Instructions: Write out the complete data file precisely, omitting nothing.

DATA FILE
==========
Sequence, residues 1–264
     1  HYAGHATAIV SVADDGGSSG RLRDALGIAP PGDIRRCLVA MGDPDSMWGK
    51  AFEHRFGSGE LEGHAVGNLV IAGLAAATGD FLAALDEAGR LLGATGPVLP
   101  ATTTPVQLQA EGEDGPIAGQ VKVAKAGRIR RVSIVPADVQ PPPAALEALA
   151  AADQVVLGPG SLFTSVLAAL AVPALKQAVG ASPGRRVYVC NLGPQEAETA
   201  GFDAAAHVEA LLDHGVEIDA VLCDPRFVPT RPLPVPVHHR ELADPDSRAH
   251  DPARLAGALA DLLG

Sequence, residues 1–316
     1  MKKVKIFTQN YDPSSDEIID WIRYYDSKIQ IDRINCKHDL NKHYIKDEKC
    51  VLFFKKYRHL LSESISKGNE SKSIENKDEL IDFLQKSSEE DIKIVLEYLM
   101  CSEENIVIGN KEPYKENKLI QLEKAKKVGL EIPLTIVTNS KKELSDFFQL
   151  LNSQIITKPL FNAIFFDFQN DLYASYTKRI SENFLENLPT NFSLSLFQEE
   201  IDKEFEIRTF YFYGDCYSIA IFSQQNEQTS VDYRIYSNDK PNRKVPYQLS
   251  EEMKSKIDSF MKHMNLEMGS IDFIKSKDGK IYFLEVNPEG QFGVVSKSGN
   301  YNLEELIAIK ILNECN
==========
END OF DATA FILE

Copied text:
Sequence, residues 1–264
     1  HYAGHATAIV SVADDGGSSG RLRDALGIAP PGDIRRCLVA MGDPDSMWGK
    51  AFEHRFGSGE LEGHAVGNLV IAGLAAATGD FLAALDEAGR LLGATGPVLP
   101  ATTTPVQLQA EGEDGPIAGQ VKVAKAGRIR RVSIVPADVQ PPPAALEALA
   151  AADQVVLGPG SLFTSVLAAL AVPALKQAVG ASPGRRVYVC NLGPQEAETA
   201  GFDAAAHVEA LLDHGVEIDA VLCDPRFVPT RPLPVPVHHR ELADPDSRAH
   251  DPARLAGALA DLLG

Sequence, residues 1–316
     1  MKKVKIFTQN YDPSSDEIID WIRYYDSKIQ IDRINCKHDL NKHYIKDEKC
    51  VLFFKKYRHL LSESISKGNE SKSIENKDEL IDFLQKSSEE DIKIVLEYLM
   101  CSEENIVIGN KEPYKENKLI QLEKAKKVGL EIPLTIVTNS KKELSDFFQL
   151  LNSQIITKPL FNAIFFDFQN DLYASYTKRI SENFLENLPT NFSLSLFQEE
   201  IDKEFEIRTF YFYGDCYSIA IFSQQNEQTS VDYRIYSNDK PNRKVPYQLS
   251  EEMKSKIDSF MKHMNLEMGS IDFIKSKDGK IYFLEVNPEG QFGVVSKSGN
   301  YNLEELIAIK ILNECN